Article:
2016 Misano Saturday Round Up: Fast Laps, the Definition of Legal, and the Return of Saturday Night Specials?

It is hard to overstate just how important pole position is at Misano. It is a tight and tortuous track, with few opportunities to pass. Small differences in practice and qualifying become magnified during the race: the holeshot is worth its weight in gold here. Get a gap, and you can be gone. The smallest winning margin at Misano was 1.578 seconds, which was the deficit of Jorge Lorenzo to Valentino Rossi in 2014. A second of that was lost on the final straight, however, as the Italian celebrated a significant victory with a monster wheelie.

It doesn't mean that races can't be exciting. The 2014 race saw an epic battle between Rossi and Marc Márquez, which lasted half the race until the Spaniard asked too much of his front tire and crashed out. Races can be hard-fought, but eventually, one rider will wear the rest down and open an unbridgeable gap. That is easier when the rider starts in front.

The first corner is another reason that pole matters at Misano. The hard right then left combination is notorious for pile ups, and the further back you are, the more likely you are to get caught up in the melee. A front row start is your best hope of making it through unmolested, though a second row start will do at a pinch. Any further back and unless you can secrete a small bottle of nitrous somewhere on the bike in search of a rocket-assisted start, carnage awaits.

2016 Misano MotoGP FP4 Result: Rapid Rossi Leads Spanish Brigade

With three front tyre options, of which two were new compounds, some of the riders were still to make a decision for the race as they took to the track for the final practice session. Valentino Rossi had a slow start but the shortage of soft tyres didn’t seem to bother him, the Italian taking over at the top in the final minutes with a medium front–hard rear combination, the fresh rubber placing him four tenths ahead of the field.

2016 Misano Moto2 FP3 Result: A Hat-Trick For Nakagami

Franco Morbidelli was on fire as the intermediate class took to the track, the Italian rider going straight to the top of the timesheets and keeping Johann Zarco in check, both metaphorically and literally, the Estrella Galicia rider following the world champion around the track. The duo were at the top until the very last lap, when the man who dominated Friday in Misano, Takaaki Nakagami, showed his hand and surpassed both by over a tenth of a second.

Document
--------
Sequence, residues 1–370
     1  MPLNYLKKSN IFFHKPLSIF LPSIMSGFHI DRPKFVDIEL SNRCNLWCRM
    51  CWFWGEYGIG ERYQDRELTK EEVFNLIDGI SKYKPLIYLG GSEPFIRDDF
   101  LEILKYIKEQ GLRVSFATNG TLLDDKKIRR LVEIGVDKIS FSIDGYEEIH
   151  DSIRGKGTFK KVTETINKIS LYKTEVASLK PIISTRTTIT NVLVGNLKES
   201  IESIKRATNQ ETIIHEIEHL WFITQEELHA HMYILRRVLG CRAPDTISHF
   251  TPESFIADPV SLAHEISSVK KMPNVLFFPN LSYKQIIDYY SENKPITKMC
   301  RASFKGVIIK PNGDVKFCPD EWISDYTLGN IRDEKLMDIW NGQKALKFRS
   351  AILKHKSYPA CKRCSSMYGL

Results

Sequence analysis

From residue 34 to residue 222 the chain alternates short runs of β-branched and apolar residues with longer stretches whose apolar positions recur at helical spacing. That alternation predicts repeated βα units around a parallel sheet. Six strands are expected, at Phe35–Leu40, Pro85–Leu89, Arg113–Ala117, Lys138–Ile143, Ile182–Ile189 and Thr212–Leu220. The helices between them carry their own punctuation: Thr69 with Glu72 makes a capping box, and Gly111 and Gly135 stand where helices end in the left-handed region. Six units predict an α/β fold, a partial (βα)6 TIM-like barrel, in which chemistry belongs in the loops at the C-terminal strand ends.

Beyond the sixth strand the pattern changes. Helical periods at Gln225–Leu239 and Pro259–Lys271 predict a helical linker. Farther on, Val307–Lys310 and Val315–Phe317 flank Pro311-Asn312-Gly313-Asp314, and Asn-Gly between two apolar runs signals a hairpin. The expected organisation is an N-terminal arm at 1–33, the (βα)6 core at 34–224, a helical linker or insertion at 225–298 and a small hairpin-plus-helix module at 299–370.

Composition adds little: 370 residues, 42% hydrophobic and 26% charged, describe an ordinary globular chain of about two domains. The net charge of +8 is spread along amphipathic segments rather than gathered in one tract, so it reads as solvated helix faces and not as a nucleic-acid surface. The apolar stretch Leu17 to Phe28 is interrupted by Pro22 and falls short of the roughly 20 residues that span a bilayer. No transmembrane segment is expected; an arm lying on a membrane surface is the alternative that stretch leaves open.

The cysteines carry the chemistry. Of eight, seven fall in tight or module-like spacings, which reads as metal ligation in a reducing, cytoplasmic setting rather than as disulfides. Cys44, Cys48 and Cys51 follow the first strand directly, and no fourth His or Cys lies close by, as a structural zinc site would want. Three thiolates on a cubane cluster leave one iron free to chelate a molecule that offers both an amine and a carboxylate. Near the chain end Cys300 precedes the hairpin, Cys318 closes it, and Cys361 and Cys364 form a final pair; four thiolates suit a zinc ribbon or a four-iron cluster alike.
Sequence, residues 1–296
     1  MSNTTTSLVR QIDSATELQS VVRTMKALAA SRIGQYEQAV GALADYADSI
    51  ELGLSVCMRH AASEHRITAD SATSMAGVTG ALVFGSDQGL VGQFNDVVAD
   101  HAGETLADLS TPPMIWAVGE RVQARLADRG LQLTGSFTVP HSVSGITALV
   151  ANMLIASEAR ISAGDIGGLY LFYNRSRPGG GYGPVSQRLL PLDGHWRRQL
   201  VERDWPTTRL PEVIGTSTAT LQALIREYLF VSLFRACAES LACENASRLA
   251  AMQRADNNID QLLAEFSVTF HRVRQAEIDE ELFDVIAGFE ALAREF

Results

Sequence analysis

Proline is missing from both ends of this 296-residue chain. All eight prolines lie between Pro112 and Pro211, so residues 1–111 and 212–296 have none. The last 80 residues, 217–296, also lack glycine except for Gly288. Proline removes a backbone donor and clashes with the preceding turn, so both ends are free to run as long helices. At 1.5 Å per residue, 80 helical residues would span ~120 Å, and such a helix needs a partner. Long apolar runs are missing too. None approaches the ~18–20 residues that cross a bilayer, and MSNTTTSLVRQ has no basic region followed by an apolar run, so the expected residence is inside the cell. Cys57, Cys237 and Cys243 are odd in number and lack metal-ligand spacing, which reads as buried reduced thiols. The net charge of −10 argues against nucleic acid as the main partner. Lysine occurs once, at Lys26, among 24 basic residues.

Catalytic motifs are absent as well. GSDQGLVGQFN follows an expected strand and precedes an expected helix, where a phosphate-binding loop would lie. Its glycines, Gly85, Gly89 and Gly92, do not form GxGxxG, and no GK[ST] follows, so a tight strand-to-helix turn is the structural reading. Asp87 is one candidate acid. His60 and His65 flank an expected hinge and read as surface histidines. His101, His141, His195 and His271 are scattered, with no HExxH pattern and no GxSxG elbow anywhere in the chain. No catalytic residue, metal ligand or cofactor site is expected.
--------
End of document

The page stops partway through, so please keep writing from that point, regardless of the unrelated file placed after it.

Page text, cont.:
With Morbidelli second and Zarco third, fourth position went to Lorenzo Baldassarri, who improved on his last lap to trail the top three by less than a tenth. An early time kept Thomas Luthi within three tenths of the leader, with Jonas Folger and Alex Marquez another tenth back, the two separated by barely five thousands of a second.

2016 Misano MotoGP FP3 Result: Marquez Holds Off Lorenzo

The Saturday morning session started off light, teams working on race pace in the beginning, only a few riders here and there improving their Friday times early on, including Valentino Rossi, his pal Aleix Espargaro and teammate Maverick Viñales.

With eight minutes to go, the fight for a place in the top ten heated up as usual and the world championship leader was the first to put the fight talk on track and set a 1:32.4, the fastest time of the weekend so far. That meant Marc Marquez led both the session and the combined practice times.

2016 Misano Moto3 FP3 Result: Mir Steals Binder’s Thunder

Another sunny morning opened Saturday proceedings for the Moto3 class, which meant the usual suspects fought to have their name at the top of the hierarchy.

Brad Binder, Jorge Navarro and Enea Bastianini juggled the top three for much of the session, before the South-African pulled a Lorenzo to set several sublime laps that beat the best time of the weekend, a mix of mid and high 1:42s. Meanwhile, the Honda boys were playing around with new fairings and let Joan Mir steal their thunder with a fast lap only a tenth away from the circuit record. The Spaniard went straight to the top of the timesheets and stayed there until the flag.